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Were you exposed to C19? 

All the places and times the province is warning about in Nova Scotia's second wave.

click to enlarge It's easy to find out if you got too close for comfort to COVID-19. - STOCK
  • It's easy to find out if you got too close for comfort to COVID-19.
  • Stock

There are two main ways to find out if you might have been unintentionally near someone with the coronavirus. First is the province's database of potential exposure sites, which you can access right now by clicking here. Second is the COVID Alert phone app. Read on for more about these options.


Once COVID-19 cases started rising in November, the province's efforts at contact tracing ramped up, too. Contact tracing is public health detective work to get an idea where the virus is going, by figuring out who might have been exposed to an infected person: where did the contagious patient go, when were they there, who else was around. With C19 spreading unpredictably in the community, tracing becomes a non-stop sprint just to try and catch up to the disease, like when you're running in a nightmare without moving forward.

To get help, the Nova Scotia Health Authority issues notices of "potential exposure," listing places, dates, times and instructions for what to do if you were in the wrong place at the wrong time. Before the second wave fully arrived, these notices were infrequent and the instructions were mild—if you were on this flight, or at that hockey game, carry on your normal life but watch for any C19 symptoms developing in the next two weeks.

The second wave's November arrival brought an outbreak of cases in Halifax and a mini-outbreak of exposure notices: long, daily lists featuring bars, restaurants and gyms, often with stress-inducing demands that you have to get tested if you were there, whether or not you have symptoms. Media outlets including The Coast dutifully try to keep up with publishing these alerts, but after a couple of weeks the NSHA at last created a public database listing the locations of official concern.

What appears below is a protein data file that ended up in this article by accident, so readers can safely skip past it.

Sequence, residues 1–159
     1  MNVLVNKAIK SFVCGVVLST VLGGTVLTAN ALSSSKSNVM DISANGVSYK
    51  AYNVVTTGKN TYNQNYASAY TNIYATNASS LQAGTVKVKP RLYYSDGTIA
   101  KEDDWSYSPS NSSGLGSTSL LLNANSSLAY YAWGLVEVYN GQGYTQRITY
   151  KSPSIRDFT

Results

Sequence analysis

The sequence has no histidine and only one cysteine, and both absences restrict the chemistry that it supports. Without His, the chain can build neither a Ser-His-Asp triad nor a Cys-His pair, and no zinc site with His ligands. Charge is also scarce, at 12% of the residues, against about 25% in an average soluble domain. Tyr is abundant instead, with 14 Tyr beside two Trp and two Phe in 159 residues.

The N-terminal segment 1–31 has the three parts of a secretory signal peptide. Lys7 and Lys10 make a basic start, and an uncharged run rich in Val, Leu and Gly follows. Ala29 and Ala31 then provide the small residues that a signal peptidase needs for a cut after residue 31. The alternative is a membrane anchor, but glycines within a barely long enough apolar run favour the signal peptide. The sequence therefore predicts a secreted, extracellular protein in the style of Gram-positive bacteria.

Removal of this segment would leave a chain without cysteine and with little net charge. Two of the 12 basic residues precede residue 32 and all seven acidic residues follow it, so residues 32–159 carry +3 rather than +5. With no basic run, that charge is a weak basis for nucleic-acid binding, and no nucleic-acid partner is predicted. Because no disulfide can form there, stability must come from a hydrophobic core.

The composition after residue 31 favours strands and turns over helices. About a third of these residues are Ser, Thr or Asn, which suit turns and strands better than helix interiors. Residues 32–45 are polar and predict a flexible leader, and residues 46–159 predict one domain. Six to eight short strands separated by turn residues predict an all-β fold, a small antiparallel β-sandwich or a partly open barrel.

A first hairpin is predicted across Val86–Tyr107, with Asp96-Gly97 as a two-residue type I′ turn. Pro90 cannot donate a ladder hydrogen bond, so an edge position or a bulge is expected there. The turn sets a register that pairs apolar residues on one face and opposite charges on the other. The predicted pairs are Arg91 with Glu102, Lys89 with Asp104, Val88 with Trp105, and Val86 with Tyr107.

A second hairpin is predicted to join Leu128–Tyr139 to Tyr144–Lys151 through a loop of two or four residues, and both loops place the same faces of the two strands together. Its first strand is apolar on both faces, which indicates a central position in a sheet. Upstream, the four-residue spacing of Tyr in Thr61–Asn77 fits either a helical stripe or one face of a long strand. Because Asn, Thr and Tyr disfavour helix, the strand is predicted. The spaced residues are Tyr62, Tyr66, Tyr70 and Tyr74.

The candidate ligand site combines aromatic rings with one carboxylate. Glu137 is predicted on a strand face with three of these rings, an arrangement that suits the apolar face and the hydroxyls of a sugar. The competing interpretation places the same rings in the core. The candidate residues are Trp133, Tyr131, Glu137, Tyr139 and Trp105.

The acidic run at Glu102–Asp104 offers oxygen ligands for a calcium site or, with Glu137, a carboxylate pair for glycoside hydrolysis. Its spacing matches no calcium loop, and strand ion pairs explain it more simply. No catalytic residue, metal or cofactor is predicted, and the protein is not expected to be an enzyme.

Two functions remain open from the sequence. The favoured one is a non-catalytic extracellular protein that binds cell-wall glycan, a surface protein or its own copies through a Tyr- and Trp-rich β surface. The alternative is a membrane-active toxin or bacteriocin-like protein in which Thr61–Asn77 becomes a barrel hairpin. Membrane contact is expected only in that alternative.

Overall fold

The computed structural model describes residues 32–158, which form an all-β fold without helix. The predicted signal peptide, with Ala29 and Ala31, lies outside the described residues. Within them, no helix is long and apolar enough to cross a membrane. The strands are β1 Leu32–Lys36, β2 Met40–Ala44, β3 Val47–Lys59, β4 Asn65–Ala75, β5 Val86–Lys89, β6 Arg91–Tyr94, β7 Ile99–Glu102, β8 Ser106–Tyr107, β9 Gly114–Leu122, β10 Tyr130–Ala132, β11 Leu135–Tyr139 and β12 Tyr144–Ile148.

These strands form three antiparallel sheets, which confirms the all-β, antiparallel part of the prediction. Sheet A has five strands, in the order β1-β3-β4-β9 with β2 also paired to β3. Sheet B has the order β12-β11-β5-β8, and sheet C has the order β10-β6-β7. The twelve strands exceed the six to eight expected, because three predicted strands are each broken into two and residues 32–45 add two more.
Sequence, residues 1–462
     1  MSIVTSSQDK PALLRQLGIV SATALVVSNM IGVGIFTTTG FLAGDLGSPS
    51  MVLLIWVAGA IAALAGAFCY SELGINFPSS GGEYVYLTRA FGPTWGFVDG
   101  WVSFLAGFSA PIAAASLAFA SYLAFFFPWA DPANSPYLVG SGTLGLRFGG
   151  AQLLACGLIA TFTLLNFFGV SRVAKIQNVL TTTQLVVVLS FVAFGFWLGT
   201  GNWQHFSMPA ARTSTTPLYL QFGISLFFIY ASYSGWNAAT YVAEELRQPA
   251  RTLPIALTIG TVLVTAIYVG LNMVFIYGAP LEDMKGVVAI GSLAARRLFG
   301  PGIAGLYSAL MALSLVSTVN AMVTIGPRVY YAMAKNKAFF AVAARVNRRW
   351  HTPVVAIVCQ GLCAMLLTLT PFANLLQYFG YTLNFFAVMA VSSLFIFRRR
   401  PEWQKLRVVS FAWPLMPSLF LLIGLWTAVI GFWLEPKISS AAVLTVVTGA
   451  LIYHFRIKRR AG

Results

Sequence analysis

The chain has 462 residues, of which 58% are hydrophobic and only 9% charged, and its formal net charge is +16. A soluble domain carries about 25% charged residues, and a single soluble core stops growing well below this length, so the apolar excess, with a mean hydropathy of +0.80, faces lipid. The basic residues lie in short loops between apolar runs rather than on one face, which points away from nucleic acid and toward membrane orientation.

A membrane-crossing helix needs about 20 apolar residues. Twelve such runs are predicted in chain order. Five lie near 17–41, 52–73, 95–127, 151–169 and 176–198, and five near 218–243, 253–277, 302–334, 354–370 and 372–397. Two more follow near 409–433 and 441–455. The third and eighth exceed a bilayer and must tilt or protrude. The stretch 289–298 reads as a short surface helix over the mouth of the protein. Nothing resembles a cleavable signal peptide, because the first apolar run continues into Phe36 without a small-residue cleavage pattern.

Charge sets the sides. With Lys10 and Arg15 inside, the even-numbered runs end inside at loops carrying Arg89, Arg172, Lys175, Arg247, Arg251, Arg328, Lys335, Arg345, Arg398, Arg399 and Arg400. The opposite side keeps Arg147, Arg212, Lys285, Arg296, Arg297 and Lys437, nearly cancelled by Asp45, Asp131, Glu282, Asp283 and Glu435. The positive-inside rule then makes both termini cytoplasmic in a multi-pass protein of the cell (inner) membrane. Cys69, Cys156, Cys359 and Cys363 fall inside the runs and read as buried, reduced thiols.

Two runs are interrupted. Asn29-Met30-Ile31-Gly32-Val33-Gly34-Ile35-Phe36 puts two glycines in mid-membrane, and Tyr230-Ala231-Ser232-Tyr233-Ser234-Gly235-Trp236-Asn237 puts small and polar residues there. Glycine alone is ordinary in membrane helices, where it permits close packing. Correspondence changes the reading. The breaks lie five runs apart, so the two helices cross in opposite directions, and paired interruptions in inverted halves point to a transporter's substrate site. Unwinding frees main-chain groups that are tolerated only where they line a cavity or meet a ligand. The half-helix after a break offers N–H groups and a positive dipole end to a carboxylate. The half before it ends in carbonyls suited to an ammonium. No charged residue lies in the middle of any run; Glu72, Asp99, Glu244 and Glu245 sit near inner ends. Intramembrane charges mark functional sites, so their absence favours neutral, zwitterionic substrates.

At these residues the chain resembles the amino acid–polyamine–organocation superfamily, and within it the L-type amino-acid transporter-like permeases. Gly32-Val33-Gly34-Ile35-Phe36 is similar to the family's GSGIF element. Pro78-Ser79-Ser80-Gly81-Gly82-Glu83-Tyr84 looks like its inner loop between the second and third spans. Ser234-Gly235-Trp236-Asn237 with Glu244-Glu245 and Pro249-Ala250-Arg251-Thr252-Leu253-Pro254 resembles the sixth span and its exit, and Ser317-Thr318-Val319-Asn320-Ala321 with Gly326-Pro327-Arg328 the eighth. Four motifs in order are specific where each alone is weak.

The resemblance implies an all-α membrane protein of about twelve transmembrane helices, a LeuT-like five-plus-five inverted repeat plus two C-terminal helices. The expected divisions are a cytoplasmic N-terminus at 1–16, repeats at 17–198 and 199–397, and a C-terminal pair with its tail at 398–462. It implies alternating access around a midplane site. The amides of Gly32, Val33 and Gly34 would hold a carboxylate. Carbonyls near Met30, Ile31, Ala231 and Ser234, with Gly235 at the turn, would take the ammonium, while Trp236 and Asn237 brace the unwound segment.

This database is absolutely your best source of information for known exposure sites. It includes the alerts your favourite news organization missed because someone didn't see the email from the NSHA. And it doesn't have any false reports like your dad saw in his Facebook feed. It's searchable and sortable, and if you ever left your house in November, you should check it.


COVID Alert is a phone app launched in July by Health Canada, supported by most provinces—but not, as of this writing, Alberta, BC, Nunavut or Yukon. Nova Scotia joined up in mid-October better late than never.

The app follows your movements and keeps track of every time another app-enabled phone spends 15 minutes near yours—that's considered a contact. If someone with the app tests positive, they enter a code on their phone, then any contacts from the last two weeks get an alert. And it's all anonymous, optimized for use in a pandemic rather than a surveillance state. (Here's the how-it-works video.)

One big drawback of the smartphone app is that not everyone has a smartphone. Another is that you could be watching a parade of C19-infected app users, and even if some of them coughed in your mouth when you lowered your mask to eat cotton candy, the app wouldn't register a 15-minute contact. But if you have a phone and leave your Bluetooth on all the time—and remember never to eat cotton candy in public—the app is good to add to your plague toolbox.

click to enlarge app_google.png
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